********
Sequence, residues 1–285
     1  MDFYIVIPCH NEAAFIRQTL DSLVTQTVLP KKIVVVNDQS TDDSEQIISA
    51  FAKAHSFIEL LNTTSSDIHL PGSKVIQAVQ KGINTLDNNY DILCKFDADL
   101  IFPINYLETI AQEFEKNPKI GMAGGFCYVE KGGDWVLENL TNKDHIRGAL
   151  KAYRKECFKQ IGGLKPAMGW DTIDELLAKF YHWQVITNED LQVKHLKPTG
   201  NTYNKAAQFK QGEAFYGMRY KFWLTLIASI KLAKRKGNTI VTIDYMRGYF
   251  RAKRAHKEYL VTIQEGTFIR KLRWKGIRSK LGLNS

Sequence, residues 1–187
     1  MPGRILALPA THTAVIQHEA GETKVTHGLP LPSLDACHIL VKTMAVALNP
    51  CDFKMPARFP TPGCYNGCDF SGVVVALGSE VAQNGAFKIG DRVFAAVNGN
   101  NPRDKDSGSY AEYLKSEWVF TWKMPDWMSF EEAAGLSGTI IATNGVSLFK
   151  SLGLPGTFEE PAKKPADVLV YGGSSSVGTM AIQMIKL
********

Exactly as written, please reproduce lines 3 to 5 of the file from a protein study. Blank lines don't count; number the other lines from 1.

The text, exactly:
    51  FAKAHSFIEL LNTTSSDIHL PGSKVIQAVQ KGINTLDNNY DILCKFDADL
   101  IFPINYLETI AQEFEKNPKI GMAGGFCYVE KGGDWVLENL TNKDHIRGAL
   151  KAYRKECFKQ IGGLKPAMGW DTIDELLAKF YHWQVITNED LQVKHLKPTG